Story added: 4:00pm Wed Aug 6, 2014
Thriller's comic twist
Monday 4th August, 2014 - Theatre Royal, Nottingham
By Sharon Hodkin
A group of actors find themselves at the centre of a real-life drama in the second instalment of the classic thriller season in Nottingham.
The Shadow Of The Ghost, at the Theatre Royal, aptly follows a successful production of The Ghost Train.
It centres around an amateur dramatic group’s dress rehearsal for a production of The Ghost Train. It isn’t going well thanks to cast members not turning up and those forgetting their cues.
The situation is not helped by a number of strange occurrences on stage. Could the resident theatre ghost be responsible?
The situation gets a whole lot worse when the cast and director find themselves kept hostage at gun-point by a stranger.
Last week’s play was all about the suspense. This week, the focus is more on comedy, although there are still plenty of moments to make you jump.
The majority of the cast who took roles in The Ghost Train played the same roles in the amateur production.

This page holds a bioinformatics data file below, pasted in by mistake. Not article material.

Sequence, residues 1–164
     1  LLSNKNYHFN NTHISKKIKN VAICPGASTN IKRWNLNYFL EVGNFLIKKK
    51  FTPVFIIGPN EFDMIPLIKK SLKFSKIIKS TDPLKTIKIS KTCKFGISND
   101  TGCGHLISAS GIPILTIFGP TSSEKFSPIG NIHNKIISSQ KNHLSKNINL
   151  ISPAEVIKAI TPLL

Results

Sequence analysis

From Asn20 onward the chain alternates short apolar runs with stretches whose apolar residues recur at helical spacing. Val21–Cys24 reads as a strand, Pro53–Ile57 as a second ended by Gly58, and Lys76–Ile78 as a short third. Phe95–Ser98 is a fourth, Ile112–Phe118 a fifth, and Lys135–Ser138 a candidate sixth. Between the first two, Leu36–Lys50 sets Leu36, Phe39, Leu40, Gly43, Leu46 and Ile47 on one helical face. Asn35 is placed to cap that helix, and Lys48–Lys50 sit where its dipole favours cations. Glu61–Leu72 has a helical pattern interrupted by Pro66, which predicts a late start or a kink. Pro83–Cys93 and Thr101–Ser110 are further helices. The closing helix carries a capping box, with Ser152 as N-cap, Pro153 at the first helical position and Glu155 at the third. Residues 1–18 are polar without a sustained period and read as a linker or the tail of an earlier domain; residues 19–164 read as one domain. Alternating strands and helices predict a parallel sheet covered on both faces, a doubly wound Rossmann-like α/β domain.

Michael Strobel has some great comedy touches as Ron, as does Jeremy Lloyd Thomas as dentist Cliff, Sarah Wynne Kordas as Sarah, his lover, and Jacqueline Gilbride as his wife, Stella.
But, for me, the stand-out performer is Alan Magor as Barrie, the easily-scared, highly-strung young actor.
Also strong was Andrew Ryan, who was worringly good as the unhinged Jack Taylor, and Susan Earnshaw as the eccentric Margery Smith.
The comedy thriller, directed by Nicholas Briggs, is written by Chris Ponka and Nicolas Ridley (son of Ghost Train writer Arnold Ridley) who were in the audience to see Monday’s performance. I am sure they would have been impressed.
The thriller season continues with Fatal Encounter — SH.
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